Inside the Best Stores and Shops of Portland, Maine

There’s a lot that’s good in Portland, so you’ll have to spend an entire day of shopping to find what really suits you.

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Jack Seemer

The first thing a visitor from New York City will notice about Portland, Maine, is that there are no vacant storefronts. (Grander differences — the omnipresence of ocean air, the relieving sight of a sky that hasn’t been scraped, the easygoing and diverse crowd of locals who’ll gladly take the time to get to know you — come gradually.) The second thing he will notice is that gift shops lurk in every nook and cranny of commerce: a bookstore sells handmade soaps and shot-sized bottles of local maple syrup; a soda shop by the water stocks more artisanal bitters than you’d ever think could exist; a barber shop also sells shoes. (That last one should make him particularly wary.)

You’d have to spend the whole day on foot to get a true grasp of what’s good, in terms of goods, on Congress Street, Exchange Street, Commercial Street and beyond — and if you are visiting, then that’s exactly what you should do. The sheer abundance of what’s available means you’re bound to find something that resonates with you. Grab one of those maple shooters to energize yourself for what’s ahead (and steer clear of the nicknacks sitting next to them). Then take a look at what stuck with us, if you need a little guidance to start you off.

Additional contribution by Jack Seemer.

Portland Trading Co.

Best General Store: The notion of the general store died with the cowboys, but stores like Portland Trading Co. are reviving it with equal parts tradition and modern “maker” edge. Here, that means trendy snapbacks and clean-silhouetted shirts are sold alongside throwback beard-grooming kits and — in a nod to tradition — teepee-shaped incense burners stacked beside “Old West” scents, among countless others. And owner Kazeem Lawal, looking like a grown-up whiz-kid behind a counter stocked with old martial arts and motorcycle DVDs, takes hospitality beyond the stock “How may I help you” with a sometimes voracious (but always genuine) interest in his products, their local creators, and his potential customers. All that’s missing is distant saloon music. (Expect to hear Gorillaz spinning on vinyl instead.)

Learn More: Here

Longfellow’s Books

Best Bookstore: A good bookshop isn’t just one you can get lost in; it’s one that can lead you from one section to the next without you realizing (or caring) where you’re going. At Longfellow’s, you’ll start at the staff picks and end up staring down a sprawling magazine shelf with enough niche publications to convince any skeptic that print lives on. Then, a shelf full of locally made notebooks will catch your eye, and before you know it you’ll find yourself in front of the bookstore-standard community cork board, an armful of new and used selections from their surprisingly well-stocked Spirituality section in tow, wondering how feasible it’d be to move here and spend your hours chipping away at that list of books you’ve always meant to get to.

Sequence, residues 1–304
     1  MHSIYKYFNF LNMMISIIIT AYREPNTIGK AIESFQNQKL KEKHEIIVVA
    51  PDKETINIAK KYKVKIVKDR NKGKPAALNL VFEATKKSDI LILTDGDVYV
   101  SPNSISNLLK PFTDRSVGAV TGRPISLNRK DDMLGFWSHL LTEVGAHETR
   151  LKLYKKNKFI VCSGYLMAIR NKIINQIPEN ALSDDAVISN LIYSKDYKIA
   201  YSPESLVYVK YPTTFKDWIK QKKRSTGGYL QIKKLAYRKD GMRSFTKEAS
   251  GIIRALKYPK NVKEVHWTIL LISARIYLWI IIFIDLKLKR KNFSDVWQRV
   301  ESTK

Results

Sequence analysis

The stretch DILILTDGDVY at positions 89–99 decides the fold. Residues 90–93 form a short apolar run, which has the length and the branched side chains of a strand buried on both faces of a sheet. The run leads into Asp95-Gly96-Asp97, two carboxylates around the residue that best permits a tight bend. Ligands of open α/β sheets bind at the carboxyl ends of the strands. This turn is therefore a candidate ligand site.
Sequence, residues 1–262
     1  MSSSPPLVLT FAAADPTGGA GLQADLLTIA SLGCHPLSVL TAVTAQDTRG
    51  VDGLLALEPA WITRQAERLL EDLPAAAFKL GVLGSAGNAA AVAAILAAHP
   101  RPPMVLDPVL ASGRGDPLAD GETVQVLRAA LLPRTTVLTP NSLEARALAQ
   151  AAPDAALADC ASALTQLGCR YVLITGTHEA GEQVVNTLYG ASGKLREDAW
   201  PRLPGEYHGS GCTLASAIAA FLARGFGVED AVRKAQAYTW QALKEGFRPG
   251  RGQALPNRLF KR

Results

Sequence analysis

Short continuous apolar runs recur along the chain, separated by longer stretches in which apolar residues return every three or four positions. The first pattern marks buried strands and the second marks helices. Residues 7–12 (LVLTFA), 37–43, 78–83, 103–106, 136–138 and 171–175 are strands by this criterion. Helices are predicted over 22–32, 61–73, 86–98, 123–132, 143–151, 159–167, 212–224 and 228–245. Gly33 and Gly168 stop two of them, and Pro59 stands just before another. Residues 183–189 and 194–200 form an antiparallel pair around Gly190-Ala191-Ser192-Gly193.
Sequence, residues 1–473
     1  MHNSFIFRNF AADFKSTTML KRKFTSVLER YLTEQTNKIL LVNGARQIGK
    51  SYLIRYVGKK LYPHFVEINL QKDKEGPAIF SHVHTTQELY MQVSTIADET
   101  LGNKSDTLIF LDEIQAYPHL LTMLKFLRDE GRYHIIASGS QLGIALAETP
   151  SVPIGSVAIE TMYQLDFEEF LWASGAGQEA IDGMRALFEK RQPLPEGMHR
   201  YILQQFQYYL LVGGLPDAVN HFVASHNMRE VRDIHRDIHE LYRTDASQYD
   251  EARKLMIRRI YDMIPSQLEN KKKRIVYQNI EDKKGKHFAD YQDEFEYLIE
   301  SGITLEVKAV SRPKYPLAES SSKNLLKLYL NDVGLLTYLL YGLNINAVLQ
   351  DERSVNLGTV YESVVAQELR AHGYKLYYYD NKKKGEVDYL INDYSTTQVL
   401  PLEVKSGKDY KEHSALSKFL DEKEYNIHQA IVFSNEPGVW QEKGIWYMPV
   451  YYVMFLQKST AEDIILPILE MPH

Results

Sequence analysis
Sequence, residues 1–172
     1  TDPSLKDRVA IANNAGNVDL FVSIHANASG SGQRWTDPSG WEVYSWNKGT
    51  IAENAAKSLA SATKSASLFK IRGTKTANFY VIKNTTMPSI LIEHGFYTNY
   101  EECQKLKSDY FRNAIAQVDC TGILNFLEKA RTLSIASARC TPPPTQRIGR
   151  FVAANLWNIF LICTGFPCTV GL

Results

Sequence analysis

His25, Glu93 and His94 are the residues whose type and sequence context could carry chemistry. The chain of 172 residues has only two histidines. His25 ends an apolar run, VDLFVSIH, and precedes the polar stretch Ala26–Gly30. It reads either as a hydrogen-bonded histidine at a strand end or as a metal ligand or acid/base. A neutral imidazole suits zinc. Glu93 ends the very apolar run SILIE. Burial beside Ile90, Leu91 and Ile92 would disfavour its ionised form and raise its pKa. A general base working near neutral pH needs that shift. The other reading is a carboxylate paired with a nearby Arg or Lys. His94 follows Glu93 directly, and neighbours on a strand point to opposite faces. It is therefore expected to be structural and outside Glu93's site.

Learn More: Here

David Wood Clothiers

Best Traditional Menswear Store: Established in 1978 as a dry goods wholesale distributor, David Wood Clothiers is today Portland’s foremost purveyor of high-end, traditional menswear. Dave Hodgkins, who also oversees Portland General Store next door on Commercial Street (see below), is the well-dressed proprietor here and operates under the philosophy that “while fashion is fleeting, style has passed the test of time.” Ready-to-wear brands at David Wood Clothiers run the gamut of menswear titans, including Hertling Trousers, Pantherella socks and Maine’s very own Rancourt & Co boots. But a big draw is the shop’s own traditional, made-to-order clothing, proving that when Hodgkins and company claim dedication to the collaborative “creation of your [personal] style”, they really mean it.

Learn More: Here

Portland Dry Goods

Best Casual Apparel Store: Portland Dry Goods is best described as David Wood’s unbuttoned, untucked offspring. Both are distinctly, inescapably Northeastern, but while the former hews a little closer to dear old dad, the former, with its patterned button-downs, outerwear and spacious floor plan (hardwood, naturally), blends New England and newfangled with a forward-focused affinity for heritage menswear and traditional manufacturing. If the goods here learned one thing from Pop, however, it’s how to clean up; all the boots, jeans and accessories on display look equally presentable and rugged, and the grooming goods manufactured by Portland General Store should help wash away the detritus from a day on the shore.

Learn More: Here

The Tackle Shop

Best Fishing Store: Within a stone’s throw of Casco Bay in the city’s Old Port district, The Tackle Shop is Portland’s go-to hub for nearly all disciplines of fishing (including fly, spin, freshwater, saltwater, ice and bait fishing). Owned and operated by Dana Eastman, who’s known around these waters for his custom rigs and lures, the shop is a trove for anglers in search of Maine’s coveted striped bass, bluefish or any number of endemic species. Don’t know where to start? The Tackle Shop also works in tandem with a number of local guides for custom-tailored fishing experiences in the region.

Learn More: Here

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